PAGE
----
Drawing upon recent reception and cultural theories as well as production and archival documents, Tracking King Kong examines the King Kong figure in a range of cultural contexts and institutional settings. The recent successes of Jurassic Park and The Lost World have refocused attention on the films of the prehistoric monster genre, the most ...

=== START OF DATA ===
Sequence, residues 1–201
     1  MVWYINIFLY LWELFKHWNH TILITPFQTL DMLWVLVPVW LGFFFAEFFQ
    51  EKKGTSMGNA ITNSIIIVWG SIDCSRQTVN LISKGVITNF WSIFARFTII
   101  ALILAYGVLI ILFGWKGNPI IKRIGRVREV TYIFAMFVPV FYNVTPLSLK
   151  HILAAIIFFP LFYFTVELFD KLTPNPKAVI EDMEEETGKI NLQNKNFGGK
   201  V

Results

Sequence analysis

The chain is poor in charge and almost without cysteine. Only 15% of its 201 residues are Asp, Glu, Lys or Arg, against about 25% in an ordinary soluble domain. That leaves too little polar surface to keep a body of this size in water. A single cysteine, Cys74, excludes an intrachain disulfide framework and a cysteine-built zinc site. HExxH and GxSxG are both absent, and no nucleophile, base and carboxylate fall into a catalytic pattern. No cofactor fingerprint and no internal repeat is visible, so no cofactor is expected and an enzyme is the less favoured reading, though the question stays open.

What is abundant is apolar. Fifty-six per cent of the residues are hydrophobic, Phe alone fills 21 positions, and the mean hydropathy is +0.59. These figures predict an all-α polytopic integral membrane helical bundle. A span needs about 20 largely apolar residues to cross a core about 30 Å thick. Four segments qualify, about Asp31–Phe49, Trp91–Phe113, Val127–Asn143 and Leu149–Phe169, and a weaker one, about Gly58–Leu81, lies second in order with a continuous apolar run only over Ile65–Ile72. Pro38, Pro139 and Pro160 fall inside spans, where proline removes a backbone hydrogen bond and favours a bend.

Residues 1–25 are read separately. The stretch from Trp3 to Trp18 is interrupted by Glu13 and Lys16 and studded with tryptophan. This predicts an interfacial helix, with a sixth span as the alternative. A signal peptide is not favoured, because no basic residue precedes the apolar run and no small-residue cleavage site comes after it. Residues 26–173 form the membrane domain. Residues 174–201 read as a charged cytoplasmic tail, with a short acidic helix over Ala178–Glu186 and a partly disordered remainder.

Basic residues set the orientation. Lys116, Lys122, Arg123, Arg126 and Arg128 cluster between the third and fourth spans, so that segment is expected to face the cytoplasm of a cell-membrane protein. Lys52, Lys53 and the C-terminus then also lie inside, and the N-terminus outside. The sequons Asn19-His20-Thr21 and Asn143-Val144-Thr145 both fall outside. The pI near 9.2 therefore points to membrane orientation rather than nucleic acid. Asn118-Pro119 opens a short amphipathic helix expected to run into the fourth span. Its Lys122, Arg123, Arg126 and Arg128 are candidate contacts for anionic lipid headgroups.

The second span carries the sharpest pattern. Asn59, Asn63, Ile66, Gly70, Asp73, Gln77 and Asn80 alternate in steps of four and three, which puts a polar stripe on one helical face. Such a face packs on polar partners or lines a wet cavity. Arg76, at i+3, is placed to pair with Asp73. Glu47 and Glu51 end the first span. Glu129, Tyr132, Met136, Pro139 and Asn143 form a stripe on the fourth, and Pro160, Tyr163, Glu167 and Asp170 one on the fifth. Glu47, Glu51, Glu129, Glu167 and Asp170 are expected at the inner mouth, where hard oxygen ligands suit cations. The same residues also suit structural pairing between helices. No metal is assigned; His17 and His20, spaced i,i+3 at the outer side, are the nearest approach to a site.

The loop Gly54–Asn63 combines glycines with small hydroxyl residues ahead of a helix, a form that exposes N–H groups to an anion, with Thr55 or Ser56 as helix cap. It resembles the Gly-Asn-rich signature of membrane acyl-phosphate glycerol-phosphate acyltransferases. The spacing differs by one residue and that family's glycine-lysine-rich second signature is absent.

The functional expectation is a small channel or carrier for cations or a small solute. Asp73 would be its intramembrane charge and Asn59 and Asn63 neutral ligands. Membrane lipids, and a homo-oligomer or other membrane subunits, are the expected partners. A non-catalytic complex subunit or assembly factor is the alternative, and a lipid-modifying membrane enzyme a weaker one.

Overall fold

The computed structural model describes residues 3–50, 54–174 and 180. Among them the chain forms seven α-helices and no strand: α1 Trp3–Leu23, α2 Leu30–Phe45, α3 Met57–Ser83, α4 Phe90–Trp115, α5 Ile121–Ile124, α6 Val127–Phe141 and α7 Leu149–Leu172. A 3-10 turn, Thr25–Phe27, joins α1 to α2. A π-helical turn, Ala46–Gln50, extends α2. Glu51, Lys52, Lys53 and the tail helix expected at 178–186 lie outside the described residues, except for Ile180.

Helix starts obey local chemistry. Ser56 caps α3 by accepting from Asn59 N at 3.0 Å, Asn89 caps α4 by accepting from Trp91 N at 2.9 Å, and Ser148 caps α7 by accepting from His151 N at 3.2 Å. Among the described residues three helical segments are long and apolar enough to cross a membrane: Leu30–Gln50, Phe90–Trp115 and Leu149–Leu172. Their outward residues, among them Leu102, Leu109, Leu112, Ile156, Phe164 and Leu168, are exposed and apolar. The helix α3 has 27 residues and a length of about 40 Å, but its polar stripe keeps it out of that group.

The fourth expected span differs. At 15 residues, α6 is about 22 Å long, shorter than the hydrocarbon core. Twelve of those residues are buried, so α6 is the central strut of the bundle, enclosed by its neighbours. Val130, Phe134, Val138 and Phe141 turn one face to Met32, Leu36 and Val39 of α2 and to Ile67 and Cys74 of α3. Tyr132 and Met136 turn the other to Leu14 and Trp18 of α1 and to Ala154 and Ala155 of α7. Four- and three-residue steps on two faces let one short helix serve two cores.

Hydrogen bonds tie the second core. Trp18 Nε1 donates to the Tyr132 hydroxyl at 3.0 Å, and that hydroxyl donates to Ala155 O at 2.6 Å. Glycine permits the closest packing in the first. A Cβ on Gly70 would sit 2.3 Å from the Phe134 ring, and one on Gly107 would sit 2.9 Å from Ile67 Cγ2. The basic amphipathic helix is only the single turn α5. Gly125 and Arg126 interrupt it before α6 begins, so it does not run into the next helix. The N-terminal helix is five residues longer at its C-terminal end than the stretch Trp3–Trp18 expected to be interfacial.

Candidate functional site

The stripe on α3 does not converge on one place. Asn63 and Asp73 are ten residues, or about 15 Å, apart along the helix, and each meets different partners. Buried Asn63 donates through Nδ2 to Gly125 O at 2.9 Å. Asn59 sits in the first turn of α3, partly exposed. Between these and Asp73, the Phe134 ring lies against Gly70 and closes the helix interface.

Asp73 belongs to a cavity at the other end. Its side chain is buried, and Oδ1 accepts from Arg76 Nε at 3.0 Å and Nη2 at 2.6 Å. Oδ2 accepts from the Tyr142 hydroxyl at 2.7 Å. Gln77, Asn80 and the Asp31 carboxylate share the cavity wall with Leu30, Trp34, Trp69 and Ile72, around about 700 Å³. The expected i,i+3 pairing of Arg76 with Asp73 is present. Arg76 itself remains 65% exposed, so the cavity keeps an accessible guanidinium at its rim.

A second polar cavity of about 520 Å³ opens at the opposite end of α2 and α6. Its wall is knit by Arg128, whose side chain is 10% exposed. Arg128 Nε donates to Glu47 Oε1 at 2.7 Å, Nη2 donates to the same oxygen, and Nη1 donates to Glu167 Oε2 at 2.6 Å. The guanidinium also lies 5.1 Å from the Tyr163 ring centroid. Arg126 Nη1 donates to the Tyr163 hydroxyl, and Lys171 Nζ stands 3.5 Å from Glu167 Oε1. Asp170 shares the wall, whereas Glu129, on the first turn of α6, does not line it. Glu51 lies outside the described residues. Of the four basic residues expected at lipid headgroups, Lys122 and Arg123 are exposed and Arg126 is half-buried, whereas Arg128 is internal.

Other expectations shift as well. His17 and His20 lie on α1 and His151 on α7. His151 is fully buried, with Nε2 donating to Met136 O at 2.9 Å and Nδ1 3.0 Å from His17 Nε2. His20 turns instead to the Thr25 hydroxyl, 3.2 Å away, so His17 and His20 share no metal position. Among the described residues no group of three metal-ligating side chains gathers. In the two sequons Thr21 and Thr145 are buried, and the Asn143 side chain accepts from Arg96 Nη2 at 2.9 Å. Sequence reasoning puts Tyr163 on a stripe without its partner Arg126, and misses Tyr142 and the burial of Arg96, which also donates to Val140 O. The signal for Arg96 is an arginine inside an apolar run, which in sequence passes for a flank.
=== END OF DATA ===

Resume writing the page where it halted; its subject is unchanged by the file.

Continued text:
Drawing upon recent reception and cultural theories as well as production and archival documents, Tracking King Kong examines the King Kong figure in a range of cultural contexts and institutional settings. The recent successes of Jurassic Park and The Lost World have refocused attention on the films of the prehistoric monster genre, the most famous of which is the 1933 classic, King Kong. From that film emerged the beast who has become a virtual icon in American and world culture, repeatedly reanimated in advertisements, parodies, political cartoons, sequels, musical theater, and other texts. Cynthia Erb contends that King Kong's enduring cultural value has derived from his difference from standard white male heroes. Among Hollywood films, King Kong is rare for its invitation to identify with a powerful beast standing at the borders of the monstrous and the exotic. King Kong stages an ethnographic encounter between a nature film-maker and exotic beast, then enfolds this encounter in codes of horror: in his last stand, King Kong uses his power to dismantle the ethnographic spectacle that ensnares him, then unleashes his monstrous fury against the forces of modern civilization. Chapters cover the production and release of King Kong in the 1930s; King Kong and the expeditionary-documentary tradition of the 1920s and 1930s; postwar revivals and spinoffs; and camp and black parodies of the 1960s and 1970s. In addition to King Kong, Erb offers detailed analyses of other films including Grass, Tarzan, The Ape Man, Trader Horn, Mighty Joe Young (remake to be released in 1998), Godzilla (1998 remake also to be released), Son of Ingagi, and Dr. Black and Mr. Hyde. The theatrical productionsGorilla Queen and King Kong (a legendary South African musical) are also analyzed. In addition to providing the most complete scholarly account of King Kong's original production and release available, Tracking King Kong offers an examination of King Kong's ongoing influence in American and international culture, emphasizing a history of alternative reception in which gay, black, international, and feminist artists, critics, and viewers have amplified King Kong's status as social rebel and minority figure of identification. The first scholarly work to examine the King Kong phenomenon in an international perspective, Tracking King Kong looks at the uses of Hollywood films beyond conventional production and exhibition contexts, as a means of accounting for the complexities of creative and viewing agencies operating "from the margins".
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